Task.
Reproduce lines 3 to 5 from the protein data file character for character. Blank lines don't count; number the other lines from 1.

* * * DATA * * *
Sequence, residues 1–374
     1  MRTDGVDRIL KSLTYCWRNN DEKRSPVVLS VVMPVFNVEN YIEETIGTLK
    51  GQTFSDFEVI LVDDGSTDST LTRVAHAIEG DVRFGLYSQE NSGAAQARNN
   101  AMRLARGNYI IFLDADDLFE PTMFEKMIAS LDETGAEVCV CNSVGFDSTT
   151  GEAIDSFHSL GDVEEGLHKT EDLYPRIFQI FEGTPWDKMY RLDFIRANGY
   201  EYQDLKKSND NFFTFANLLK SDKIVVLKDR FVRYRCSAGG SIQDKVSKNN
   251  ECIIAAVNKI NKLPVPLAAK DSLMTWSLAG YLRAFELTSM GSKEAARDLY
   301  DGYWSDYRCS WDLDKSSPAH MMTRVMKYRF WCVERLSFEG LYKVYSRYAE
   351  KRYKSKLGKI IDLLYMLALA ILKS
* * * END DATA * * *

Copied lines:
    51  GQTFSDFEVI LVDDGSTDST LTRVAHAIEG DVRFGLYSQE NSGAAQARNN
   101  AMRLARGNYI IFLDADDLFE PTMFEKMIAS LDETGAEVCV CNSVGFDSTT
   151  GEAIDSFHSL GDVEEGLHKT EDLYPRIFQI FEGTPWDKMY RLDFIRANGY